Four members of the “Holy Family” are buried in the second major development of the Bahá‘í World Centre (the prior being the mausoleum of the Báb): Ásíyih Khánum (the “Most Exalted Leaf”, “Navváb”), wife of Bahá‘u’lláh, their children Bahíyyih Khánum (the “Greatest Holy Leaf”) and Mírzá Mihdí (the “Purest Branch”), and Munírih Khánum, wife of ‘Abdu’l-Bahá. Although it is not part of the scheduled tour of holy places, we felt it was essential that we pay our respects to these departed souls, who gave everything to the Faith.
Assessing their individual legacies is difficult today, particularly for the women. Mírzá Mihdí’s death played an integral role in allowing visitors to come to ‘Akká, a story related in many histories. But the roles of the women are unsurprisingly challenging to uncover — although as Bahá‘ís they had unequaled freedom within their own homes, the laws of the land greatly restricted their movements. Recent scholarship has begun to uncover their roles. One example of this is Prophet’s Daughter, which I read and reviewed a few years ago. Thanks to that work, in no place did I feel as physically moved as I did in Bahíyyih Khánum’s room in the House of ‘Abbud. The book The Chosen Highway, reviewed a few days ago, helps shed light on the predicaments of their families, but does little to elucidate the spiritual roles they played: they were more than just supportive spouses/sister. They also played crucial roles in holding the Faith together during the early years after ‘Abdu’l-Bahá’s death, and in encouraging and promoting women in their quest to establish the reality of equality in their families and communities. I look forward to learning more about them — planning on picking up Leaves of the Twin Divine Trees in 2011.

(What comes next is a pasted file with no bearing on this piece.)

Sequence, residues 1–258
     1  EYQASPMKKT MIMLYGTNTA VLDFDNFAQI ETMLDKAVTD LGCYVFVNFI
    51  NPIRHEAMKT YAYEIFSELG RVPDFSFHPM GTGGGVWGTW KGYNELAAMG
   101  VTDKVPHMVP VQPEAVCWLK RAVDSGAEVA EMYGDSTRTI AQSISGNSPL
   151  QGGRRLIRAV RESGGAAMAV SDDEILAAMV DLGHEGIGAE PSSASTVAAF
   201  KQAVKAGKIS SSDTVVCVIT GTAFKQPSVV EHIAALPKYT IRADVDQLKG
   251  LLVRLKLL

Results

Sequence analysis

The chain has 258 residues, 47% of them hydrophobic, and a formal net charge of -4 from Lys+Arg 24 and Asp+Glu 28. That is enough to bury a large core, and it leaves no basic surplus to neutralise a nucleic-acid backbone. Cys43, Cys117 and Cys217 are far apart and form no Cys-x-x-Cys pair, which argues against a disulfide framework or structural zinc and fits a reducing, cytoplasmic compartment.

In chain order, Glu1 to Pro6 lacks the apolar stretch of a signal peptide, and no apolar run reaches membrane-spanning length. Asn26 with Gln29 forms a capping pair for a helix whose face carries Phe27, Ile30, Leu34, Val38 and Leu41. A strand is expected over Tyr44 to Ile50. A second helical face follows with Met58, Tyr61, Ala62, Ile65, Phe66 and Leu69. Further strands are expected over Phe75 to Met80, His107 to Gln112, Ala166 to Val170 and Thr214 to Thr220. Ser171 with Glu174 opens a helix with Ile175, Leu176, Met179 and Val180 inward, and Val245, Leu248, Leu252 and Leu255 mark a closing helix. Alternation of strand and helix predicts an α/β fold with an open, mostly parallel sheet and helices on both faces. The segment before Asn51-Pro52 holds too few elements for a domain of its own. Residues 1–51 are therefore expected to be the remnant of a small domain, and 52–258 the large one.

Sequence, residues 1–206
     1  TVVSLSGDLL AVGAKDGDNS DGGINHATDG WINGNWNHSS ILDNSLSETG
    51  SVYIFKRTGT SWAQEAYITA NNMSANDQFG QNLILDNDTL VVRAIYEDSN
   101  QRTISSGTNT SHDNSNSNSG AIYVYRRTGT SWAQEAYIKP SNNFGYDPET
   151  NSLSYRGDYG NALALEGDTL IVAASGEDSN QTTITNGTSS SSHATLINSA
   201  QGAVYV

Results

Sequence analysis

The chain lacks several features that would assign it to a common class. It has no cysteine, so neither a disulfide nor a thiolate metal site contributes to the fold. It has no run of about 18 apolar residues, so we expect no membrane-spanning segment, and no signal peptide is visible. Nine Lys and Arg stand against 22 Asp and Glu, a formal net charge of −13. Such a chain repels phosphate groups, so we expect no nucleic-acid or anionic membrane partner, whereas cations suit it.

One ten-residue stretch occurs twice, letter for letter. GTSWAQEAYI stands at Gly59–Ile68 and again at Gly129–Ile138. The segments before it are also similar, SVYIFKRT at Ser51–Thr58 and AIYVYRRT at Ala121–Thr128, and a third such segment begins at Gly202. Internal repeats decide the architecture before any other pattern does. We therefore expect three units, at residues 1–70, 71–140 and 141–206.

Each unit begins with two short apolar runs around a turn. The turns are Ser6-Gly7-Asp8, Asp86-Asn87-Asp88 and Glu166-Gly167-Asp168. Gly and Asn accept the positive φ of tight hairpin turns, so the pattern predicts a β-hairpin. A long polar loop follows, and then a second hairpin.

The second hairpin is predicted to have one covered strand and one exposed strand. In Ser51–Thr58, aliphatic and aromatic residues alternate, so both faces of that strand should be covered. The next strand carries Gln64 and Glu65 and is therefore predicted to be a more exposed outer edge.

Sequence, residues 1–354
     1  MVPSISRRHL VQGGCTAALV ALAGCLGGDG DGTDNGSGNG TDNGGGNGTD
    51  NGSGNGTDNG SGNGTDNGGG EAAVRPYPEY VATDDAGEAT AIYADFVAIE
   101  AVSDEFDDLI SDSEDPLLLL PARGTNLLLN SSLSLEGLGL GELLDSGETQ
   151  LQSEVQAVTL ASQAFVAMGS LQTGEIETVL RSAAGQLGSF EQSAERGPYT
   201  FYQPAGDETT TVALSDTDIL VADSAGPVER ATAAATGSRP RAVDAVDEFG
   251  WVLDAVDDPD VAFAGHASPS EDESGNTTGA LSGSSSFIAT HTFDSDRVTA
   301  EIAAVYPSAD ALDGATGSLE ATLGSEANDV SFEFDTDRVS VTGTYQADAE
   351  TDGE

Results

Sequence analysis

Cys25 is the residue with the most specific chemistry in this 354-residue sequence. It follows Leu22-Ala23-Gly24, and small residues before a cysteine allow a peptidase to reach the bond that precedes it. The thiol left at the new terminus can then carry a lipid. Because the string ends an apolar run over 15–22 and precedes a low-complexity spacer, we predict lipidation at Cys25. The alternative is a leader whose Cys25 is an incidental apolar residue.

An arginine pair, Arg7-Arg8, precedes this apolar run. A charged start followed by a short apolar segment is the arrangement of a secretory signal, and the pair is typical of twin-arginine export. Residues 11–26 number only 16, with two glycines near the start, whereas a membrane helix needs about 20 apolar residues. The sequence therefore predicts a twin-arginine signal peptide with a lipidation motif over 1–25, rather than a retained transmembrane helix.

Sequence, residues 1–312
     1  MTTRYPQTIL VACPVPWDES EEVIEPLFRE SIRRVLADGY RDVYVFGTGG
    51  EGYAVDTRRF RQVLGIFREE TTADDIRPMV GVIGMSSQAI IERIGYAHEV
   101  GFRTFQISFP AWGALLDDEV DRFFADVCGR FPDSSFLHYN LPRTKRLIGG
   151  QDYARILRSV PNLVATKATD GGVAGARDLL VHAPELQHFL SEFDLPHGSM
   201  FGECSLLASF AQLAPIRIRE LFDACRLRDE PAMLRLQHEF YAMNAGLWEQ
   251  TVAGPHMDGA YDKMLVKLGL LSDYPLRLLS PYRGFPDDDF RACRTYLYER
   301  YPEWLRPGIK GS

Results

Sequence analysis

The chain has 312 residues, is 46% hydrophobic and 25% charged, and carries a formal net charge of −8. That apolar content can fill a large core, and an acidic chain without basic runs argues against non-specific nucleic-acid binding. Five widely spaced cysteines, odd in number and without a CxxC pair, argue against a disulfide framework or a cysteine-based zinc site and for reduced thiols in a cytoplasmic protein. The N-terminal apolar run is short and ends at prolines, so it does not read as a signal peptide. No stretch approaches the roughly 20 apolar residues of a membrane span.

Monument of Bahíyyih Khánum
Grave and monument of Munírih Khánum
Graves of Mírzá Mihdí and Navváb with the Center for the Study of the Texts in the background
Palm, olive, cypress, and mystery tree in the upper left corner, from the Monument Gardens
The Seat of the Universal House of Justice, from the Monument Gardens